Gerison Lansdown was the founder director, 1992-2000, of the Children’s Rights Alliance for England, and has since worked as an international consultant and advocate, publishing and lecturing widely on the subject of children’s rights.

Mary Frances Layden is the co-founder of an apparel company, love?bili?nyc, which promotes disability awareness and empowerment, and the former leader of Community Engagement at a NYC-based nonprofit organization, A Leg To Stand On (ALTSO), which provides free orthopedic care to children with disabilities in developing countries.

Gertrud Lenzer, Dr. phil., is professor emerita of Sociology and Children’s Studies at The City University of New York.

Manfred Liebel, Dr. phil., is Prof. emeritus of sociology at Technical University Berlin and co-founder and patron of the M.A. Childhood Studies and Children’s Rights (MACR) at Free University Berlin and University of Applied Sciences Potsdam. He is also vice-chair of the council of the National Coalition Germany for the Implementation of the UN Convention on the Rights of the Child.

Ton Liefaard is Professor of Children’s Rights and holds the UNICEF Chair in Children’s Rights at Leiden Law School, Leiden University, the Netherlands. He is Leiden Law School’s Vice-Dean for Education and the director of the Master of Law’s Programme (LL.M.) on Advanced Studies in International Children’s Rights at Leiden University.

Laura Lundy is Co-Director of the Centre for Children’s Rights and a Professor in the School of Social Sciences, Education and Social Work at Queen’s University, Belfast.

Martha Minow is the 300th Anniversary Professor at Harvard University, where she has taught since 1981 and served as Dean of Harvard Law School for eight years.

Olga Nieuwenhuys holds degrees in sociology from the University of Paris (Sorbonne) and in non-western sociology and anthropology from the University of Amsterdam. She obtained her doctorate from the Free University, Amsterdam, in 1989.

Aoife Nolan has been Professor of International Human Rights Law at Nottingham University School of Law since 2012.

Marta Santos Pais was appointed Special Representative of the Secretary-General on Violence against Children in May 2009.

Sarah Paoletti is a Practice Professor of Law at the University of Pennsylvania Law School, where she founded and directs the Transnational Legal Clinic.

Twila L. Perry is a Professor of Law and the Judge Alexander P. Waugh Sr. Scholar at Rutgers University School of Law in Newark, New Jersey, USA, where she teaches Family Law, Children and the Law, Torts and a seminar on Race, Gender and Tort Law.

Addie C. Rolnick is a Professor of Law at the University of Nevada, Las Vegas, William S. Boyd School of Law.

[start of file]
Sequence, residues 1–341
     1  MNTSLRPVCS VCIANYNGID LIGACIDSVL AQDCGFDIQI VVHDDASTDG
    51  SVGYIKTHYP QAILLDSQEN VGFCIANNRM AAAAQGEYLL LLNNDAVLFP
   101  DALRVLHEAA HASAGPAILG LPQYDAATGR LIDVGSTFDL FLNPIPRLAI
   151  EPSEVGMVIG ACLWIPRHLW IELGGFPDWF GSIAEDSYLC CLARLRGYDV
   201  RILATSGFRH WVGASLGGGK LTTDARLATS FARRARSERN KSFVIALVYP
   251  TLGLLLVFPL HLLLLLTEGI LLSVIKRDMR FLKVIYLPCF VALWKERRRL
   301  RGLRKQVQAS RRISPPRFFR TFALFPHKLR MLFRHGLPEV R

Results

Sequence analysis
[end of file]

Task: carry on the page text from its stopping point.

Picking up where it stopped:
Maya Sabatello, LLB, PhD, is an Assistant Professor of Clinical Bioethics and Co-Director of the Precision Medicine: Ethics, Politics, and Culture Project at Columbia University.

Julia Sloth-Nielsen is professor in the Faculty of Law, University of the Western Cape, and professor of Children’s Rights in the Developing World at Leiden University.

Natsu Taylor Saito, J.D. Yale (1987), is Distinguished University Professor and Professor of Law at Georgia State University, where she teaches international law, human rights, and the legal history of race in the United States.

Jonathan Todres is Distinguished University Professor and Professor of Law at Georgia State University College of Law.

Gamze Erdem Türkelli is a Postdoctoral Fellow Fundamental Research of the Research Foundation (FWO) – Flanders (File Number: 12Q1719N) and a member of the Law and Development Research Group at the University of Antwerp.

David B. Thronson is Professor of Law and Associate Dean for Academic Affairs at the Michigan State University College of Law.

Afua Twum-Danso Imoh is a Lecturer in the Sociology of Childhood at the University of Sheffield.

Wouter Vandenhole is a human rights and law and development scholar.

Dr. Philip Veerman, CPsychol., lives in the Hague (the Netherlands) where he works as a health-psychologist for children and adolescents.

Jessica Dixon Weaver is an Associate Professor at Southern Methodist University Dedman School of Law where she teaches courses on family law, children and the law, and legal ethics.

Rebecca Webb, PhD, is currently a Lecturer in Education at the University of Sussex.

Barbara Bennett Woodhouse is L. Q. C. Lamar Professor of Law at Emory University Law School.